The start of a marine mammal education on dolphins and manatees

Manatee having lunch

Well today has been long, lectures started at 8am this morning and we stopped to go out to dinner at 7pm (though the debates kept going). Now tommorow morning is anaesthesia and immobilisation, and debate is still going on here so I can only afford to take 15 minutes away to give a quick update here!

So this morning started with the zoo director talking about concepts of animal behaviour, this was pretty interesting and I learnt absolutely tons. What is cool here is that the director is not afraid to challenge the “norm”, and so this zoo is one of the few where animals are allowed to stay out at night, or where options are given so the animal can choose their preference of nesting box.

Now a nesting box may not seem important, and traditionally this has been placed by the keepers. However animals recognise that a keeper will come each day into that part of the enclosure whether to clean or feed them and so at one zoo the animal decided to raise their cubs 1 foot in front of the public fence. This was because the animal felt safe, no one had ever come over or through the fence into the enclosure yet the keeper kept coming in the keepers door. This changed the thinking here so that nesting boxes are no longer put near entrances to the enclosure.

With the dolphins here they are kept with the sea lions in a new purpose built outdoor laguona. This has over 6,000 million litres of salt water, and was constructed with new thoughts in dolphin behaviour so as to reduce stress and improve welfare. This project cost around 30 million euros with nearly 20 million euros spent on the backend life support systems to maintain the salt water! This was then followed by a tour of the rest of the zoo including the manatee’s with behaviour and enrichment implementation explained which was really cool!

Manatee having lunch

We then headed back into the classroom after lunch where we went over anatomy and physiology of marine mammals. Now this is extremely interesting as there are extreme differences between species, and these differences affect the medical treatment of these animals. For example the trachea in true seals is long with short bronchi with loads of loads supported only by muscle which makes them susceptable for lung collapse whilst the eared seal has cartiledge here so does not suffer from this problem.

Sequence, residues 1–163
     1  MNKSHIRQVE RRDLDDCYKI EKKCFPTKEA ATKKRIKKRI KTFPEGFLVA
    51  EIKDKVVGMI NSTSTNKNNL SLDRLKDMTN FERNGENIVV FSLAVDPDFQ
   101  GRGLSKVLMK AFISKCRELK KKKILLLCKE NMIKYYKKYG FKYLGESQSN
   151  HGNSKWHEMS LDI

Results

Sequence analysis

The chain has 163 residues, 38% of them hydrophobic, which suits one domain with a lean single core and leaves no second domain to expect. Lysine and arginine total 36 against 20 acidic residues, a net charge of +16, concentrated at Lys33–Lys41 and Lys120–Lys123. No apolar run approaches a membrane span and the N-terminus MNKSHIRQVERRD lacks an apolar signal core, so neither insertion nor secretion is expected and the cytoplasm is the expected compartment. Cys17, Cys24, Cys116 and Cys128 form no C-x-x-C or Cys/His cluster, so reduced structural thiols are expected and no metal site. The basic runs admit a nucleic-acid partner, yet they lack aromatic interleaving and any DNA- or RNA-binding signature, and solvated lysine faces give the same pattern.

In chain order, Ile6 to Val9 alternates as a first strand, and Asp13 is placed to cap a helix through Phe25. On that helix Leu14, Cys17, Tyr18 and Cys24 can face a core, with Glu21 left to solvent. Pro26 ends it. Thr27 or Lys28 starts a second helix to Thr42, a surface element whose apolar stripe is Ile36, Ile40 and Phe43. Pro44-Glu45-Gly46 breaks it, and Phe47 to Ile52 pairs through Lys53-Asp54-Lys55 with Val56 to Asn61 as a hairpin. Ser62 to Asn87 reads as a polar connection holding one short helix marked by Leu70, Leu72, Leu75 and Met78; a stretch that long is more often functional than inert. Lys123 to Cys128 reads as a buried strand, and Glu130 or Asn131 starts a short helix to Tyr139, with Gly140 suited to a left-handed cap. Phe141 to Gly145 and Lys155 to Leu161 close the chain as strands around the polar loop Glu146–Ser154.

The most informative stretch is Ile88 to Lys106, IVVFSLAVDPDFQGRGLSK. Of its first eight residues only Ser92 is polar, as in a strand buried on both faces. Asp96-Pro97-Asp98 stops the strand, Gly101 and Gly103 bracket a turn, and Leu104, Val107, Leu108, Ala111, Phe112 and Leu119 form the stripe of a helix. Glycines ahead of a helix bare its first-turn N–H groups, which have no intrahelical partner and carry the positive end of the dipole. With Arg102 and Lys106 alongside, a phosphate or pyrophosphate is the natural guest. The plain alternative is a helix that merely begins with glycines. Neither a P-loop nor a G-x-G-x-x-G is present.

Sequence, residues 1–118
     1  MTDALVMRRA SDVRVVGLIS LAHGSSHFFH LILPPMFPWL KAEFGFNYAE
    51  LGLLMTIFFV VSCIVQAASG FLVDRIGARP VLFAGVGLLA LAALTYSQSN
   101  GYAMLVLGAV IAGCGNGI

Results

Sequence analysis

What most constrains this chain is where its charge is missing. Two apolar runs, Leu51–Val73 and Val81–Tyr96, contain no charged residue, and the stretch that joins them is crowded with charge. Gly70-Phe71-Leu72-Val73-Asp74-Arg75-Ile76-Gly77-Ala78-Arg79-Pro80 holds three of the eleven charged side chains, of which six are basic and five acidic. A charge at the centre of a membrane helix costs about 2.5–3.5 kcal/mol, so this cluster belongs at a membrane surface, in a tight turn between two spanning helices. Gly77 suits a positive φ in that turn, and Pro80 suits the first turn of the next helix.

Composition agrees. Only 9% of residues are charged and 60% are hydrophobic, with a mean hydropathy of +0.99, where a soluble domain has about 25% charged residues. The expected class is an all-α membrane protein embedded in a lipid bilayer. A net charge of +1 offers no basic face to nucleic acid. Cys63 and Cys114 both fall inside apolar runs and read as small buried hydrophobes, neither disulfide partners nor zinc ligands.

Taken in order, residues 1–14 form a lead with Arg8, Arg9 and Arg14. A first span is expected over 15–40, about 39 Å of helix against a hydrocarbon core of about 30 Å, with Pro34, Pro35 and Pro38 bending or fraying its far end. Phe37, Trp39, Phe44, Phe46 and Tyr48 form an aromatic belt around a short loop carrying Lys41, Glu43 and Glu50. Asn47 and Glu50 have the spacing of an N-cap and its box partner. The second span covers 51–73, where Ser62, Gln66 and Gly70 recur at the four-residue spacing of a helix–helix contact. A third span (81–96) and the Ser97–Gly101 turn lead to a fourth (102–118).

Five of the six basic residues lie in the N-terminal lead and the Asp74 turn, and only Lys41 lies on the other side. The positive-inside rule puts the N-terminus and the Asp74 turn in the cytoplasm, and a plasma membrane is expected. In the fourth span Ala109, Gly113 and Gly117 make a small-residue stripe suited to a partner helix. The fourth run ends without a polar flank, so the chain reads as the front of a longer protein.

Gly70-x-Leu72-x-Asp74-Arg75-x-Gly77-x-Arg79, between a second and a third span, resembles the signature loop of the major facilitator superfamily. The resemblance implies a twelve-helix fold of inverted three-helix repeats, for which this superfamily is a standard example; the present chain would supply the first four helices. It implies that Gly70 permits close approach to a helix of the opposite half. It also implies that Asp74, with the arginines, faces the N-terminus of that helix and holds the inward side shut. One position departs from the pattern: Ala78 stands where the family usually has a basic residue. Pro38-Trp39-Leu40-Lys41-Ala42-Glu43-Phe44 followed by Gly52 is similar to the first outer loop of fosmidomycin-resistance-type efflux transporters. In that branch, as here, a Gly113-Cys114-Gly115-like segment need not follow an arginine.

We then looked at the physiology of the dive reflex which is really cool and will get its own diary entry when I am back next week!

Next up was a lecture on tuberculosis (TB) which as many know affects cattle, it also can affect zoo animals including elephants. Its a big problem currently in India with temple elephants, and we looked at treatment here and its occurance also in marine mammals. Coming onto that we looked at Avian TB which isn’t a real tuberculosis but a mycobacteriosis that is still a problem in zoos. Recently in Europe there has been problems with penguins with it which was also interesting as it showed that it could not be detected on xray, but by CT with loads of images of this to look at.

This was followed up by a talk on what it is to be a zoo vet, which was interesting before we then started into a debate session on some of the issues mentioned during the day. As potential vets we have to understand the ethical and moral aspects of what marine mammal and zoo medicine really is about and several issues were actually discussed here. We then moved onto the design of research projects and how to write a scientific paper which is really important in zoo and wildlife medicine but something not really taught well in vet schools.

Finishing up we then moved to town for dinner where the debate resumed. What a day!